Given the tensions over community advocacy highlighted by the Atlantic Yards fight, with Shiffman opposing ACORN, a longtime ally, the interview is quite timely, especially given that those general tensions are given voice in the new play by The Civilians, In the Footprint.
(ACORN's Bertha Lewis is in the play, though Shiffman is not.)
Does ACORN really believe that Atlantic Yards opponents like Shiffman are, as founder Wade Rathke recently suggested, "among the vast community who were not moved by the need for affordable housing in Brooklyn"? The interview suggests otherwise.
Shiffman vs. a former student
Shiffman is interviewed by a former student, Sandy Hornick, who works for the Department of City Planning. He talks about significant successes--establishing community development corporations in places like Bedford-Stuyvesant and Williamsburg--and how idealistic planners were once very optimistic about change.
He's tempered some of that, he tells Hornick:
There have been a lot of disappointments. I think some of the things that we had hoped and envisioned never came to pass. We really believed, in 1965, that by this year, by 2010, poverty would be abolished in this country. That's a real disappointment, not only that it has not been abolished but that it's not in our vocabulary any longer. There really isn't a strong set of social movements.Shiffman is a board member of Develop Don't Destroy Brooklyn. Given his history helping ACORN when the organization first came to Brooklyn, he's one of the few Atlantic Yards opponents with deep ties to ACORN and, perhaps, one of the few who could get past some of the race- and class-baiting practiced by Bertha Lewis.
On the other hand, it may have been a totally unrealistic expectation at that point in time. There were other efforts to build housing for the homeless. Some of them did well, but a number of them failed and went to the wayside. But I've always tried to sublimate those disappointments--that's how you avoid burning out.
I am awfully frustrated with your agency [the Department of City Planning] today. In 1983, we published a report on inclusionary housing. You and I fought on that one for many, many years. Now we have a form of inclusionary housing, but it's not mandatory, and its percentages are low. That's a great disappointment I have. On one level, it's a very nice place to live-- but on the other level, it's becoming a bit more segregated than it should be, far more segregated than it should be, particularly around economic lines, and the lack of affordability is a big problem.
...I do do think there are somethings that we could have done better. We tried to start a number of New Vision schools. Some of those worked out well; some of them didn't. We lost on the Columbia University expansion. Atlantic Yards is lost. That's very painful. I'm very close to folks at ACORN and yet we fought on this issue, and we fought in a way that still allows us to be friends. And I like that, but at the same time, I think that this whole idea of community benefits agreements is basically wrong, though I may have been a proponent early on.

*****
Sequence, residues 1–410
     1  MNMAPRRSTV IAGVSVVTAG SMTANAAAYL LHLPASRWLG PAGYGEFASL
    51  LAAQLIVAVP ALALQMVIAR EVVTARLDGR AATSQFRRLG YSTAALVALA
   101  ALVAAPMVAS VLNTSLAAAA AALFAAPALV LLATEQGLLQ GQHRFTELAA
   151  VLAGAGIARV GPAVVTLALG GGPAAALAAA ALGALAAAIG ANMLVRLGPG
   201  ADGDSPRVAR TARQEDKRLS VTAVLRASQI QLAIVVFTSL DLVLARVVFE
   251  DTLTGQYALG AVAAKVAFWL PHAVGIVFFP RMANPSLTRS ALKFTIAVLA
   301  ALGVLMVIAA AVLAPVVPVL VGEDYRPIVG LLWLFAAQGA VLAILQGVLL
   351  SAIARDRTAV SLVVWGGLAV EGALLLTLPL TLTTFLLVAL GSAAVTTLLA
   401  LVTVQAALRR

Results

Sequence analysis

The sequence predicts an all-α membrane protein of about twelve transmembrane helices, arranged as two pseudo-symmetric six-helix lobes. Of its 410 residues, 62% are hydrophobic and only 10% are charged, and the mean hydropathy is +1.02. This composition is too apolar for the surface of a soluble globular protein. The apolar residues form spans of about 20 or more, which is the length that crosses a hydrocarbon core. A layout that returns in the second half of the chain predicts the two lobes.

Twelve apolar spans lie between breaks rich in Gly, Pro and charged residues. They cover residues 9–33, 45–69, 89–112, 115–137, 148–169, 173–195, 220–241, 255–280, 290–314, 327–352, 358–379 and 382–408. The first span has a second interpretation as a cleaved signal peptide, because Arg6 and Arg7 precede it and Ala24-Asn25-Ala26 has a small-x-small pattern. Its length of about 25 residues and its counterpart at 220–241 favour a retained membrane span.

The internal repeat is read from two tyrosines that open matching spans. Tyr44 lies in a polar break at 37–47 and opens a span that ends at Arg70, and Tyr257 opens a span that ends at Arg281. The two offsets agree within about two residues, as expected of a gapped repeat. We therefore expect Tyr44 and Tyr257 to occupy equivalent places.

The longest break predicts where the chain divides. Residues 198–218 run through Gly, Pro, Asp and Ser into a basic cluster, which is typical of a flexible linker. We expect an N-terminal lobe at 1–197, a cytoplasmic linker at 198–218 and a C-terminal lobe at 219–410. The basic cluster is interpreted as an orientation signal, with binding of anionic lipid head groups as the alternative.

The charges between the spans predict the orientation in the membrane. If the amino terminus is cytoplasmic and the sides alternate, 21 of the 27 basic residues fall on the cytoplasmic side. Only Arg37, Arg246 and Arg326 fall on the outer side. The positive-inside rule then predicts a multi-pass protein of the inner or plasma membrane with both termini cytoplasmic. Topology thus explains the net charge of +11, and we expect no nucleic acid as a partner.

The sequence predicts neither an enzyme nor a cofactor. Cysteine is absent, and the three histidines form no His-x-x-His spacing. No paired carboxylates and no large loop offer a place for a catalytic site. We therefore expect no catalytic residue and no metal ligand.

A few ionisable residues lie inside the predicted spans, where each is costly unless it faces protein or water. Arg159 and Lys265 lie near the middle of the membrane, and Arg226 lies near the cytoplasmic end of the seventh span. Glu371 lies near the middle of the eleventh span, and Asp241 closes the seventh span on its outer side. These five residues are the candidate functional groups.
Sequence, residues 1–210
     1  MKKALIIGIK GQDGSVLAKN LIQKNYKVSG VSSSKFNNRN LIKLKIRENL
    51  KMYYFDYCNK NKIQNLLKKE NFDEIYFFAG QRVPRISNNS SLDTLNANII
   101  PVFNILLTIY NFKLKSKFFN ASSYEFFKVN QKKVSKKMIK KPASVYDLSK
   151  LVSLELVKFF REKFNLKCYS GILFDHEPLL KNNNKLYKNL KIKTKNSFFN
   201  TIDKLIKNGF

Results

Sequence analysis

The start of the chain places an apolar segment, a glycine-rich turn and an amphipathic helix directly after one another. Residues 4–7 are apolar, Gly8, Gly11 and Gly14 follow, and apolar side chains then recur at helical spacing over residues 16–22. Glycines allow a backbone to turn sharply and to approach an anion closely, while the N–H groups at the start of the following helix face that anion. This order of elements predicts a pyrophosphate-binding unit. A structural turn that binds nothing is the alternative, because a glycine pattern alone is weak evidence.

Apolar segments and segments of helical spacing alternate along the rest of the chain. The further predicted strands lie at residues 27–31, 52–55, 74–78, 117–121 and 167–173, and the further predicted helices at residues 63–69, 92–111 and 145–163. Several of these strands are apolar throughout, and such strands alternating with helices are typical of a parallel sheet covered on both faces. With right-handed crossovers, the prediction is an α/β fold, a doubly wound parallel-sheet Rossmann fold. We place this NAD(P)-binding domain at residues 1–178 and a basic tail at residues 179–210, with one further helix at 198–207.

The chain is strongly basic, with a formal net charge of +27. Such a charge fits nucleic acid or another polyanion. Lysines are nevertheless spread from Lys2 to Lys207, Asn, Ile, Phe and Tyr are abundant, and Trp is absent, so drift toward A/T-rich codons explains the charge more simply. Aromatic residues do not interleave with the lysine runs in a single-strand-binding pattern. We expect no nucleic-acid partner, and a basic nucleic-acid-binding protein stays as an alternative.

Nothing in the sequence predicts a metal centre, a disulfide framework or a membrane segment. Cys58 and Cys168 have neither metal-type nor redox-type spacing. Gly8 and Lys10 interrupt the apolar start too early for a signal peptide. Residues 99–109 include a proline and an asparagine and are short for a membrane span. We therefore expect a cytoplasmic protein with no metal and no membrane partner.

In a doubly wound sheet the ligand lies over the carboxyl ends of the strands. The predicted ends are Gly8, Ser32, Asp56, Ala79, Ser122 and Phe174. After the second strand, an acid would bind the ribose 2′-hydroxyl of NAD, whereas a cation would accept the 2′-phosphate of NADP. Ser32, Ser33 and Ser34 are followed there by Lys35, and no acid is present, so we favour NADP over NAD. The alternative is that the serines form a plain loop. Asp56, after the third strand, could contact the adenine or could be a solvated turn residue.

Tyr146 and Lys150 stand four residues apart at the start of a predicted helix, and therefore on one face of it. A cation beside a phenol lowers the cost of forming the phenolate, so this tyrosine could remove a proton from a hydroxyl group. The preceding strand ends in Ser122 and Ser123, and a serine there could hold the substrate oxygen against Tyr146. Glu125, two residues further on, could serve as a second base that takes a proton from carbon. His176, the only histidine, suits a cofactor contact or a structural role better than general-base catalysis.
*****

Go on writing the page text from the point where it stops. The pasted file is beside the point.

I guess the other failing is that some of my students become adversaries from time to time. But I love you, I must admit. There's respect in the differences.
AY a "sham"
As I reported 5/29/09, Shiffman (right, photo by Adrian Kinloch) testified at a state Senate hearing on Atlantic Yards. He began by citing his long history of working with low- and moderate-income communities.
While Shiffman said he has “a great deal of respect for groups that negotiated the CBA... I totally disagree with them on this project, because I have read and reviewed the plans.”
He pointed out that the claimed 12,000 jobs would occur over a decade or two decades, not this year. “It’s a fraud to talk about this.” (The numbers are even more dubious.)
All the funding for affordable housing, he said, is money “being transferred from other neighborhoods in Brooklyn, housing that could be built right away… at a more affordable rate.”
He noted that the environmental review “shows that more low and moderate income families would be displaced than will be housed” by AY. (Actually, it’s “risk” of displacement.)
As for issues of minority hiring and contracting and affordable housing, he said “it should be part of public policy” rather than part of a CBA because it “allows the developer to literally buy” support for the project. Rather, there should be a level playing field.
He added that the promised open space would be publicly accessible but not truly public space, “it’s the courtyards of the buildings.” (He didn’t mention that the open space wouldn’t come until the unspecified Phase 2.)
Closing by calling AY a “sham,” Shiffman was met by moderate applause and little heckling, given that many project supporters had left.
In other words, it was a lost opportunity for engagement.